Many thanks.

* I'm calibrating a Sekonic L-758

peak4
16th March 2017, 01:45 AM
I have a need (*) to modify JPEG EXIF data and I'm wondering how I can do this.
If you (or anyone else) could advise how I could do this, I would be obliged.
Many thanks.

* I'm calibrating a Sekonic L-758

Try Phil Harvey's Exiftool (http://www.sno.phy.queensu.ca/~phil/exiftool/), or do a search for same, as there's a GUI (https://hvdwolf.github.io/pyExifToolGUI/) for it too.

Sorry for the brief reply, but it's bedtime.

Crazy Dave
16th March 2017, 07:27 AM
There are certain functions in Adobe PS that can be set to work with specific camera serial numbers.

There must be a way of enabling it somehow, but I suspect it has something to do with data protection, and tracing 'anonymous' photographers through serial numbers.

I remember there was a case a few years ago where photographs had been broadcast by an anonymous photographer from his Canon camera. I cannot remember the subject, but there was a great deal of public interest in it.

Canon said they could identify the photographer through the serial number, which was embedded in the image even when the EXIF data was stripped, but they would not do so.

This is similar to the recent case where Apple refused to unlock a dead terrorist's iPhone.

I remember the Apple case. However, two days ago, I visited a fascinating demo in the Old Truman Brewery on Brick Lane, London. There were three young Aussies showing 3D printing, AI, holograms and virtual reality. We got onto the subject of hacking into computer systems through chipped domestic devices like fridges, TVs, etc. Interestingly, the 27 year old owner of the firm doing the demo said that he could hack into my iPhone in 10 minutes. I believed him.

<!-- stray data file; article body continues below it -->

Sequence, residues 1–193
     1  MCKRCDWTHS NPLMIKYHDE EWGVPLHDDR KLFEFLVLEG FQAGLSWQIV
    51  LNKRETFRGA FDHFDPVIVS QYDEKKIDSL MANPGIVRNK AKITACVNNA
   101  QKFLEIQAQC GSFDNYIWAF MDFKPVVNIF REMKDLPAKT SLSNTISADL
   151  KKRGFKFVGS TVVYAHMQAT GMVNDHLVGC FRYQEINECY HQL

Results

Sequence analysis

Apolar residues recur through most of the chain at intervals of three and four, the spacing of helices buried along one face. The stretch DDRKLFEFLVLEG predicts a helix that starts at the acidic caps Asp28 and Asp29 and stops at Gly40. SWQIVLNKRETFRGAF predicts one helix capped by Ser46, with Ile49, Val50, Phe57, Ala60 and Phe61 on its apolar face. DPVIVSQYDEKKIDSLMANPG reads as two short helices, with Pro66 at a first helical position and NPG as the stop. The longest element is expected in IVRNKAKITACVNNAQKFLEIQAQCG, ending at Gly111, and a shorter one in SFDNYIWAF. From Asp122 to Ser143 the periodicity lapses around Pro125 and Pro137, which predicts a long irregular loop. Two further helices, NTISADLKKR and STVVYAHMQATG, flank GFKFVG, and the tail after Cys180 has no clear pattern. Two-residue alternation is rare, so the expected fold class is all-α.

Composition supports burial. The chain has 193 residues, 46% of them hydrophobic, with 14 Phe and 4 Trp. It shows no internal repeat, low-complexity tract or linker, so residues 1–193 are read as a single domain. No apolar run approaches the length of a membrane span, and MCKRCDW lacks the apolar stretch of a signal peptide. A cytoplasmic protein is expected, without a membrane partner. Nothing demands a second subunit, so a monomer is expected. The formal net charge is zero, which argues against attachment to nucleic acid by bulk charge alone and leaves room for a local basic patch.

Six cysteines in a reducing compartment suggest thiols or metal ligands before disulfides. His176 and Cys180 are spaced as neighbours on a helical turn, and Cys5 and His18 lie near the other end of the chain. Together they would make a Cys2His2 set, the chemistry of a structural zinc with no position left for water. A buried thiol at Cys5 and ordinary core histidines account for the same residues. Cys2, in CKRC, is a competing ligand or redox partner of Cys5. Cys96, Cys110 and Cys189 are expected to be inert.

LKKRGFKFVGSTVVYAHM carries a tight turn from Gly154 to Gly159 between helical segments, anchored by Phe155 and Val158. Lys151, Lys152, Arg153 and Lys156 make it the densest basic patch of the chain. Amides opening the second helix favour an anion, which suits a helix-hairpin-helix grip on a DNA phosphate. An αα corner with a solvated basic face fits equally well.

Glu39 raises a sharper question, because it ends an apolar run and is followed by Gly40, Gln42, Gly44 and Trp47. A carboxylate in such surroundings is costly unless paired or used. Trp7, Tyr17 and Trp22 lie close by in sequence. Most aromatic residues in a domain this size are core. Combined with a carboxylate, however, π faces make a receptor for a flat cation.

David

Ricoh
16th March 2017, 09:43 AM
Try Phil Harvey's Exiftool (http://www.sno.phy.queensu.ca/~phil/exiftool/), or do a search for same, as there's a GUI (https://hvdwolf.github.io/pyExifToolGUI/) for it too.

Sorry for the brief reply, but it's bedtime.
Thank you, I'll give it a go.

I wonder if it was this programme that Naughty Nigel was referring to, or does he he know of another method?

Naughty Nigel
16th March 2017, 03:38 PM
Thank you, I'll give it a go.

I wonder if it was this programme that Naughty Nigel was referring to, or does he he know of another method?

You can edit certain fields in Photoshop, (File, Properties, etc.), and also in Windows Explorer by right clicking on the file and selecting Properties.

This is possible in *.jpg, *.tiff and *.psd files, but not camera raw files.

I haven't tried Exiftool, but I suspect it allows access to fields that cannot be edited in Photoshop or Explorer.

Does Exiftool allow EXIF data in raw files to be edited I wonder?

Ricoh
16th March 2017, 05:30 PM
You can edit certain fields in Photoshop, (File, Properties, etc.), and also in Windows Explorer by right clicking on the file and selecting Properties.

This is possible in *.jpg, *.tiff and *.psd files, but not camera raw files.

I haven't tried Exiftool, but I suspect it allows access to fields that cannot be edited in Photoshop or Explorer.

Does Exiftool allow EXIF data in raw files to be edited I wonder?
I'm not a Photoshop user, unfortunately, Lightroom only.
On face value, Windows properties should allow you to delete all 'private' data by selecting all and hitting delete. However, when the JPEG image is opened in Sekonic's Data Transfer Software the exposure details are still there.

David M
16th March 2017, 09:25 PM
If you've got an Android phone or tablet Photo Exif Editor allows you to edit dozens of fields.

Ricoh
17th March 2017, 12:11 AM
If you've got an Android phone or tablet Photo Exif Editor allows you to edit dozens of fields.
I'm an apple user but my wife has android devices. From your experience, does Photo EXIF Editor work?

David M
17th March 2017, 12:20 AM
Well, according to the EXIF this was taken on film in the 90's with an OM2N.

http://e-group.uk.net/gallery/data/500/3142507.jpg (http://e-group.uk.net/gallery/showphoto.php/photo/90679)